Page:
Let's move to... Smithfield
Known for its regular markets, Smithfield sets out its stall with an eclectic mix of modern, apartments and more traditional homes, writes Enda Sheppard
THINK of Smithfield, just across the Liffey in Dublin's north inner city, and chances are two things will spring to mind: the enormous cobbled square, and the clatter of hooves and the colour, whiff and pong of the famous Smithfield Horse Fair.
Laid out originally in the 17th century, Smithfield is the oldest surviving market area in Dublin, but the Horse Fair, for which it is best known, only continues in a much scaled-down version, just twice a year and subject to stricter rules.
Smithfield roughly incorporates the area bounded by the Liffey to the south, Bow Street to the east, Queen Street to the west, and North Brunswick Street in Grangegorman to the north.
The Red Luas Line skirts Smithfield Square, or Plaza, as it is officially known, to the south, providing a convenient link to the nearby city centre, or on to Tallaght and Saggart.
These days, people tend to include the developing Museum District to the west and the Four Courts District to the east. These districts are largely residential and, combined with the area around Smithfield Square, comprise the main Liffey river frontage of D7.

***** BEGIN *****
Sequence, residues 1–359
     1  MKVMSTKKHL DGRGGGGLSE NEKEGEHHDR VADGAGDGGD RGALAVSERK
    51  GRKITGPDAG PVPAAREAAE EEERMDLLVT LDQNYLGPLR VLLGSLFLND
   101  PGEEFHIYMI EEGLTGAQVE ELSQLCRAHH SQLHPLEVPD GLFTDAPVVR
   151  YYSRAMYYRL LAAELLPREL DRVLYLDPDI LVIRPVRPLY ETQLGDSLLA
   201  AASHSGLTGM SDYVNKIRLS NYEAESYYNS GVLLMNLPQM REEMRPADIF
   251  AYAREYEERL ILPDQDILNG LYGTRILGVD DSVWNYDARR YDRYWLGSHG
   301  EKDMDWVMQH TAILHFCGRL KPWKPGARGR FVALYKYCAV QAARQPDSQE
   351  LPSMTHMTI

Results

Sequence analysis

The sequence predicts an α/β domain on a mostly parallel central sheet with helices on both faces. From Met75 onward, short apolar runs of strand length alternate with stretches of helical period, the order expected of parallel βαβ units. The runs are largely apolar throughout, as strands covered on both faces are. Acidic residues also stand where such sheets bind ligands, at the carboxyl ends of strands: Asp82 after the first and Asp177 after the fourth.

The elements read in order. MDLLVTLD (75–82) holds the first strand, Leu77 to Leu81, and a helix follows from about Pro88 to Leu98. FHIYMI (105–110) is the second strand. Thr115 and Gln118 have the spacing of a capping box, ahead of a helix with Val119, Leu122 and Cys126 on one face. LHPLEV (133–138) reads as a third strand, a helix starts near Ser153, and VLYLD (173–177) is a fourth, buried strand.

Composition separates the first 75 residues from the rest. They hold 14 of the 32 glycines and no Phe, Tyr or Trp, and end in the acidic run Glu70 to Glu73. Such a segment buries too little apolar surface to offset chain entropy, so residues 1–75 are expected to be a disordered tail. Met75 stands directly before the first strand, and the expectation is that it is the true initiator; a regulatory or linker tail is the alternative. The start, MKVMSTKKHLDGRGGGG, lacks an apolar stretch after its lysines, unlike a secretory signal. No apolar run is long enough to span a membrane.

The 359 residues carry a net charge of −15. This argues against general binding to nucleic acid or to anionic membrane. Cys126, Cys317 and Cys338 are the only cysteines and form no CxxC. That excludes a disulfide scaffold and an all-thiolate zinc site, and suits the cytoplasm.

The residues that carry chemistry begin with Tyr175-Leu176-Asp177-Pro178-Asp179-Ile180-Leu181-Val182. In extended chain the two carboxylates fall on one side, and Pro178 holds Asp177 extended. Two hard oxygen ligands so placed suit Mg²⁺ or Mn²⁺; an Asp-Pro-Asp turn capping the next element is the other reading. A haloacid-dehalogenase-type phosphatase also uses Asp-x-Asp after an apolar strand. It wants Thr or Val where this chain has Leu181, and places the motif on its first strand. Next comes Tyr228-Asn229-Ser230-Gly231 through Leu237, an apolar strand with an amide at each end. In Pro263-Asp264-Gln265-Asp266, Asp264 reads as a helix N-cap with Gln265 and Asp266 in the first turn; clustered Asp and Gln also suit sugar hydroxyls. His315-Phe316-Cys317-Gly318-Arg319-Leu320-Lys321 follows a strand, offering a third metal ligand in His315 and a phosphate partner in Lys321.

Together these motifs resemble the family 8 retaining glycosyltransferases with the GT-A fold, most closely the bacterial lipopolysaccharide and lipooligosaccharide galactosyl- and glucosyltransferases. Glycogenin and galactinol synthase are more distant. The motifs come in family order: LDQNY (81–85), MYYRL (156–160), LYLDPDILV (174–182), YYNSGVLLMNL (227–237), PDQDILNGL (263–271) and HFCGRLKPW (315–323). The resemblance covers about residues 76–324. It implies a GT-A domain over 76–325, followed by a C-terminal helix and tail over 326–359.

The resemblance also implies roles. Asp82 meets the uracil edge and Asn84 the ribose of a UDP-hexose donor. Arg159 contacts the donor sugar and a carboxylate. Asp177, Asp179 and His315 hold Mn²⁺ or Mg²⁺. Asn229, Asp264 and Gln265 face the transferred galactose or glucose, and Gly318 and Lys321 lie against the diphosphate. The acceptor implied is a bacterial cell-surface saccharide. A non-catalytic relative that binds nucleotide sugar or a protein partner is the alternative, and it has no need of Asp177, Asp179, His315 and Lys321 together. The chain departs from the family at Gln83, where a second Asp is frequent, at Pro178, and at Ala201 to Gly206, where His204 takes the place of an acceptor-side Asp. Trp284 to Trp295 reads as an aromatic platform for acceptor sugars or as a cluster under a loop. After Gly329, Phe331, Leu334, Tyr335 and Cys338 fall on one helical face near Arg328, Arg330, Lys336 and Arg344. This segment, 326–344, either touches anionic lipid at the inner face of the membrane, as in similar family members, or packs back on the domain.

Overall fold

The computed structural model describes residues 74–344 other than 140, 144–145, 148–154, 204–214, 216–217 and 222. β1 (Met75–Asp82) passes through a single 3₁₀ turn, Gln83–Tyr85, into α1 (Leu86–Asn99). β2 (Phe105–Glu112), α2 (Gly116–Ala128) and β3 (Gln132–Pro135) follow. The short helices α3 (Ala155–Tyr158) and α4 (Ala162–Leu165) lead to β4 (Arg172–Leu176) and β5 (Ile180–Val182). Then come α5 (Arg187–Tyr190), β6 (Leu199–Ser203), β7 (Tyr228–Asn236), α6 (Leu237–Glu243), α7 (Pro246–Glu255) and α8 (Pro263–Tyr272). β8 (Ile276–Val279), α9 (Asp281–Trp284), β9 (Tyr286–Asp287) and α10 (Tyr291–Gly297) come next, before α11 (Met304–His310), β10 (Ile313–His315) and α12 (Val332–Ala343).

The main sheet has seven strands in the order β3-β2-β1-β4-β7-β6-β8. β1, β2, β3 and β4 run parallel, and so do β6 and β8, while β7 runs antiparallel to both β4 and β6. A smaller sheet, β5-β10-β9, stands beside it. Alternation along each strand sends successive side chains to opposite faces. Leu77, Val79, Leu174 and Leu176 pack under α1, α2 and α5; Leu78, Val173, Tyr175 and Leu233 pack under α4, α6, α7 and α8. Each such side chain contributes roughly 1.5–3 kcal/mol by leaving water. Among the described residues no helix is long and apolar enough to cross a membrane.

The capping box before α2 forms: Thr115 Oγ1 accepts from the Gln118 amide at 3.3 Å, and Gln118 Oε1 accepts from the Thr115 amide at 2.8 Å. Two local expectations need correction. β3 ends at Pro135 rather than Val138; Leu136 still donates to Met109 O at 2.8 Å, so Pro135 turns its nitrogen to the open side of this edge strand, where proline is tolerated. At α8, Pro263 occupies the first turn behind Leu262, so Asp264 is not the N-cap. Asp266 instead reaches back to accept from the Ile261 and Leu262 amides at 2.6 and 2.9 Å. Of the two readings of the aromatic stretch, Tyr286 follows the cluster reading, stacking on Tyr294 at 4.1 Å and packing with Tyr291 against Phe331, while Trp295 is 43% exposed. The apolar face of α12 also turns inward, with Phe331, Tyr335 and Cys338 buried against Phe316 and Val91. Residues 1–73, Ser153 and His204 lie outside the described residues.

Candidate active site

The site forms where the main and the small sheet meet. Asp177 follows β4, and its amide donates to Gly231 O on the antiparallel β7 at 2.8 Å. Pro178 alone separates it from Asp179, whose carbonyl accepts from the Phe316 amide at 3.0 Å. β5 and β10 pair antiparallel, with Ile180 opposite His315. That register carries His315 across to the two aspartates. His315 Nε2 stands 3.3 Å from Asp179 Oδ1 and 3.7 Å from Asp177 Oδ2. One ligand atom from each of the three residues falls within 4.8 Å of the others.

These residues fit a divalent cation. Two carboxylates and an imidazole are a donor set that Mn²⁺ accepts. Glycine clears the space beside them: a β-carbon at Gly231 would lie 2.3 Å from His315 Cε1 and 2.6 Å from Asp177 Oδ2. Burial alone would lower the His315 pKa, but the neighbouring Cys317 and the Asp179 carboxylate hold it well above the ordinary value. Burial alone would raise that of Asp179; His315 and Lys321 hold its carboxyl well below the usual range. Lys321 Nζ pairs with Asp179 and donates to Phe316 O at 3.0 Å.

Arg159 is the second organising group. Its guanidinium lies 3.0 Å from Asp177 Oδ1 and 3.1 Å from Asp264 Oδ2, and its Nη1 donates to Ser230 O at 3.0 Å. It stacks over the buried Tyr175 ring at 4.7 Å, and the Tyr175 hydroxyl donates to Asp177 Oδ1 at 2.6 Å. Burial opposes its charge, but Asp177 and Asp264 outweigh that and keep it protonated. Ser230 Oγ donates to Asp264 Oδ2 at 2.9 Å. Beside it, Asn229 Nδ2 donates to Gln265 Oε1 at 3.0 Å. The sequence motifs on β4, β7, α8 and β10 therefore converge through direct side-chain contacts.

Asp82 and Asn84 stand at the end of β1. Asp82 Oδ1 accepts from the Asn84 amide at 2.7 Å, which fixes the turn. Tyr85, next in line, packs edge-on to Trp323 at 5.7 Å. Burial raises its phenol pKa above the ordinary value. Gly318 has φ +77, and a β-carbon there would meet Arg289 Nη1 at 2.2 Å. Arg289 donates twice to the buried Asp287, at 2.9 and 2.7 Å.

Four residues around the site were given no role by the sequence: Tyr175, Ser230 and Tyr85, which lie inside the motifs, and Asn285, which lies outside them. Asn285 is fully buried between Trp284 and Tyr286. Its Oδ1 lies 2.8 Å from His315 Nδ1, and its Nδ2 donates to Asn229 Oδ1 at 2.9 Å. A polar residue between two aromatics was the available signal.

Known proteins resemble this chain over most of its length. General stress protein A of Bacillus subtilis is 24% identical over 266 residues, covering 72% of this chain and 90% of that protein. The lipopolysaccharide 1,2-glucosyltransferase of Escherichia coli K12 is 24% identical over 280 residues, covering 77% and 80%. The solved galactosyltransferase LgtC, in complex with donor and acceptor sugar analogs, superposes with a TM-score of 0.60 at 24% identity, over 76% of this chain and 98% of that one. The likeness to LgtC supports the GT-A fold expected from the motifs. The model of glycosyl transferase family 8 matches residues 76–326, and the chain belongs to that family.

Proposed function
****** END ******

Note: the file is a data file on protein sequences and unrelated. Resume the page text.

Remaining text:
It all makes for some very unusual dynamics, especially in fine weather when you will find barristers sitting outside eating gourmet sandwiches from Seven Social, on Benburb Street, as kids run around in the playground nearby, and young hipsters go about their young hipster business, maybe on their way to the Third Space on the Square for a salad and to use the handy wi-fi hot spot.
Rejuvenation has been the name of the game here since 1997 when, under the Historic Area Rejuvenation Plan (HARP), more than 400,000 120-year-old cobblestones were lifted, cleaned by hand and re-laid. Twelve 26.5 metre gas lighting masts, each with a two-metre flame capacity, now flanked the square, and the Celtic Tiger was on the prowl as commercial, residential and cultural developments sprang up.
However, with the tiger's claws long retracted, and the envisaged 'Western IFSC' unrealised, the flames are rarely lit now, as Dublin City Council deems it too costly.